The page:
ASCII (pronounced "az-kee", "ass-key" if American), is a table of characters for computers. It is binary code used by electronic equipment to handle text using the English alphabet, numbers, and other common symbols. ASCII is an abbreviation for American Standard Code for Information Interchange. ASCII was developed in the 1960's and was based on earlier codes used by telegraph systems.
The code includes definitions for 128 characters: most of these are the printable characters of the alphabet such as abc, ABC, 123, and ?&!. There are also control characters that cannot be printed but instead control how text is processed, to start a new line for example. Those are in the left column in the table below. Most of the control characters are no longer used for their original purpose. There is no real formatting control (for bold or Italics, etc.) 
Sometimes someone talks about a file or document in ASCII, meaning it is in plain text.
ASCII usually uses 7 binary digits (bits) to represent characters: 1000001 (or 41 in hexadecimal or 65 in standard base-10 numbers) represents the upper-case letter A; 1000010 represents B; 1000011 represents C; and so on in sequence. Eight bits allowed a parity bit to be included in each byte sent over a serial port or modems, this bit is used for avoiding errors. This was more important years ago when connections were often noisy.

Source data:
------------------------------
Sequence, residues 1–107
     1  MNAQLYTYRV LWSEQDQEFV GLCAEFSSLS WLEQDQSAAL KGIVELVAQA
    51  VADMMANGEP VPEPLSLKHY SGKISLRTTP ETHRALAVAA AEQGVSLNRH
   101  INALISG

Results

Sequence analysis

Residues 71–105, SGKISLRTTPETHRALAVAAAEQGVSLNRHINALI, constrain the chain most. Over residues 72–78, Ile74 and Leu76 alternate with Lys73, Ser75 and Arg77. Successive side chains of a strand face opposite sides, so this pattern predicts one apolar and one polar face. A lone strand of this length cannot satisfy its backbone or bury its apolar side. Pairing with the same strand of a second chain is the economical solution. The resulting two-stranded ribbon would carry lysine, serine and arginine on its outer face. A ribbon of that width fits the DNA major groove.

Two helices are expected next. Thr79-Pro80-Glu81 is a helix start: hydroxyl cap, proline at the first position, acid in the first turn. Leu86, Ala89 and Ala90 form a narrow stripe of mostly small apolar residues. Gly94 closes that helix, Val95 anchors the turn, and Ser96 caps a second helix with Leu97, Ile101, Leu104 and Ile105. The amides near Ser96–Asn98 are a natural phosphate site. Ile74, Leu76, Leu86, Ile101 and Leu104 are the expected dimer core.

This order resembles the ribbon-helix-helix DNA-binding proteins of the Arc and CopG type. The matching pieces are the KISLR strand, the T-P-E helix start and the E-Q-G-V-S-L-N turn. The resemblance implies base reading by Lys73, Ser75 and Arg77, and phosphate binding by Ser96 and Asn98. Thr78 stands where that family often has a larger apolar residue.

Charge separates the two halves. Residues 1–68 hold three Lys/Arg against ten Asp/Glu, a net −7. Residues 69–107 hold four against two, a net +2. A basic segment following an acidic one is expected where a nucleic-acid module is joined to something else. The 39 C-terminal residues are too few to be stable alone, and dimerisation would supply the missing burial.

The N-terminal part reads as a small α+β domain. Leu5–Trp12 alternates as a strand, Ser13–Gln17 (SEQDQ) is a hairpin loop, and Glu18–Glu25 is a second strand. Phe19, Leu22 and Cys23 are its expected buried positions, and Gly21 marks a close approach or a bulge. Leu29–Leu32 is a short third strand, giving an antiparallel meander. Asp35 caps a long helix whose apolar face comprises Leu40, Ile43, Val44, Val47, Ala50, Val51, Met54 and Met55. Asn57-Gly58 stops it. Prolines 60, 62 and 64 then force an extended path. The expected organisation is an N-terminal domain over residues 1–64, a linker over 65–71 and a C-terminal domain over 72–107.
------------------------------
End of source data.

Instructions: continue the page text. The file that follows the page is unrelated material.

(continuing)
ASCII does not have diacritics (marks that are added to a letter, like the dots (umlauts) above vowels in German, or the tilde (~) above the 'n' for the 'ñ' used in Spanish). It was only meant for English and doesn't work well for most other languages. Some English words borrowed from other languages use these marks as well, like resumé (see Appendix:English words with diacritics).
This led to some systems using 8 bits (a full byte) instead of 7 bits. The proper name for systems that use 8 bits is called extended ASCII. Eight bits allows for 256 characters. The first 128 characters must be the same as for ASCII and the rest are usually used for alphabetic letters with accents, for example like É, È, Î and Ü. This solves the problem for languages that are based on the Latin alphabet, although not all extended ASCII systems are the same. Other alphabets, like the Greek alphabet, Cyrillic alphabet need a different set of characters. And some systems like those using Chinese characters still do not work, as they use thousands of characters. So unicode was created to have one common system for all languages.
Standard ASCII is still commonly used, particularly in computer software and HTML files. Until 2010 it was the standard for URLs. Often a web site that has fields for entering text will only take ASCII text. Any special markups for bold or centered text, etc. will show up incorrectly.